In order to protect a driving circuit that drives a load such as a motor, fault conditions have to be detected. Such fault conditions may include open load faults and over-current faults where currents which exceed load rating or the rating of components in the driving circuit may occur. A motor is often operated by a H-bridge circuit that contains transistors that are switched between on and off states and cause current to flow through the motor in opposite directions so that the motor rotates in opposite directions. The states of the transistor are controlled by logic circuits. Over-current conditions are detected and fed back to the logic circuits so as to power down the H-bridge and prevent damage to the motor or the transistors. Such circuits are described in an article by M. Izadinia, et al., which appeared in the magazine "MOTOR-CON," October 1988 Proceedings, published by Intertech Communications, Inc. Such motor bridge circuits are also commercially available from National Semiconductor Corporation, Santa Clara, Calif. and are described in their product literature for the LMD 18245, December 1993.

Fault detection in load operating circuits, such as H-bridge drivers, sometimes detect false faults under certain load-motor operating conditions. For example, the currents applied to a motor that is initially stopped will increase exponentially upon turn on. The time constant of the current build-up is a function of the resistance of the bridge transistors in their on state and the resistance and inductance of the motor. As the motor reverses direction of rotation (another operating condition), the back EMF of the motor will cause a false over-current in the motor as the motor cycles in reversing direction through its stall position. Thus, false fault conditions may be detected if the motor is started from a stop position or reversed in direction. These erroneous faults are due to initially low or high current flow in the motor and can be mistaken as open load or over-current failures. Different motors have different fault modes, particularly because their time constance of current buildup varies from motor to motor depending upon the internal resistance and inductance thereof. Accordingly, fault detection circuits have to be tailored for specific loads, such as specific motors, to avoid false faults.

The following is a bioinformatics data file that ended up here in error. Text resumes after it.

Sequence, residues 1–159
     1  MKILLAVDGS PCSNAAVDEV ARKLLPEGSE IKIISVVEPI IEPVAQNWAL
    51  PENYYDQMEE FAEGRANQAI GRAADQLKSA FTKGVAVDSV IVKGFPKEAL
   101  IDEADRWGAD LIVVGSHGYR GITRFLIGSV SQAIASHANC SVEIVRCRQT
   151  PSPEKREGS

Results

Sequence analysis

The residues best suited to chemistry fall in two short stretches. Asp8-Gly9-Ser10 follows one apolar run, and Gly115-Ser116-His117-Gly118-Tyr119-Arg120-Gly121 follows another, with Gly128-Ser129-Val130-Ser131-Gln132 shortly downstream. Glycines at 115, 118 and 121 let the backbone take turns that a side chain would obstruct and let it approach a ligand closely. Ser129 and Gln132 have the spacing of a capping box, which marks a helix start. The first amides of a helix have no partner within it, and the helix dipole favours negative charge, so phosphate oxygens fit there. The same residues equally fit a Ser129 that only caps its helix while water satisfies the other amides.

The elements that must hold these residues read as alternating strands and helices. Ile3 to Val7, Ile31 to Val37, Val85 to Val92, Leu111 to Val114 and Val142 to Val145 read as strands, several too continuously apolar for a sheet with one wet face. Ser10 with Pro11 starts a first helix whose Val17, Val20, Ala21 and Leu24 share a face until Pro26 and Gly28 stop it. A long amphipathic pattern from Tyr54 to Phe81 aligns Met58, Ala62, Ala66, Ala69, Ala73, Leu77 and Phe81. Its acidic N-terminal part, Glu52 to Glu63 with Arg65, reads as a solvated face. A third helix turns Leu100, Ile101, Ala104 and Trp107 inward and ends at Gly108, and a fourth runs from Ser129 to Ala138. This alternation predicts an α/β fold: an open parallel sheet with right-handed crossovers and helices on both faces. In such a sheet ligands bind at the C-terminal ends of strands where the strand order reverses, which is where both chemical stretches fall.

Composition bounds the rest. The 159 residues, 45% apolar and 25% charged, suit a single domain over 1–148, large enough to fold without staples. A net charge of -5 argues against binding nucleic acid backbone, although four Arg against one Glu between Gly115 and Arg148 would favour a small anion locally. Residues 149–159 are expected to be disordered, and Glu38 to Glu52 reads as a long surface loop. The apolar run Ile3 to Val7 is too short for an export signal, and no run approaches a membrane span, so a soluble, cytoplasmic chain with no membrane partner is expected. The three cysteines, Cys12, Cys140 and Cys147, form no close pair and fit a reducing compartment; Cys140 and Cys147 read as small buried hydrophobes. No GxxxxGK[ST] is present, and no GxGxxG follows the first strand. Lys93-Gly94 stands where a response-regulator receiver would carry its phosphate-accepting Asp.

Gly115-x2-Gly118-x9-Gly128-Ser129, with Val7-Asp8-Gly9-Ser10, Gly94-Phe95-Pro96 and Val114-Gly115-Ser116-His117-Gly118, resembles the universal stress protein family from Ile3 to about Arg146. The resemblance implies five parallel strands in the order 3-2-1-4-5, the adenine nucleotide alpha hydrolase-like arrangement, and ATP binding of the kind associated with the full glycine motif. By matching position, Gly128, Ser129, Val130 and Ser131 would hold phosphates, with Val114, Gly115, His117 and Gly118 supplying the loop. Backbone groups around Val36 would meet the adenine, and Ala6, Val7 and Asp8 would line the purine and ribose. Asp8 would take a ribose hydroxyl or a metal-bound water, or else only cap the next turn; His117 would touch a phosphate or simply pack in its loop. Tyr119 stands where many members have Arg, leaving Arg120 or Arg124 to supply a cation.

It has been discovered, in accordance with the invention, that the false fault conditions may be identified through an analysis of the input control signals that control the different operating conditions of the load. Fault detection control logic may then be enabled or inhibited during certain windows of time as represented by the control signals and/or sequences of such control signals. The fault detection control logic then provides windows of time during which faults are monitored. Accordingly, when monitored, the likelihood of erroneous faults being present and providing erroneous fault detection is minimized. The provisions of windows of time for fault detection makes fault monitoring facilities, which are provided in accordance with the invention, load independent. Thus, the same monitoring system and motor control system including the monitoring system may be used with different loads and motors.

The input control signals represent certain states in which the transistors in the H-bridge are on and off. When off the transistors are in their high impedance (high Z) condition. In accordance with the invention, the driving circuit is implemented such that over-current fault detection is monitored at all times and during all states except the states that occur in a sequence to obtain reversal of motor direction of rotation. Open circuit fault detection in the motor is monitored during states that correspond to rotation of the motor, except when the motor turns on from a high Z state or for the sequence of states where the motor reverses its direction of rotation. During the time window that the motor reverses its direction of rotation, fault detection is inhibited. The motor control system may incorporate means for limiting over-currents and thermal shutdown that provide sufficient protection for the driver circuit at such times. The input control signals may be generated by a computer (a microprocessor controller) that sets the intervals during which the driving circuit remains in states corresponding to opposite directions of rotation when reversing the motor. The H-bridge and the other logic circuits which receive inputs from the microprocessor controller may be implemented with integrated circuit (CMOS) technology on a single chip wherein the transistors in the H-bridge may be implemented preferably as NDMOS field effect transistors.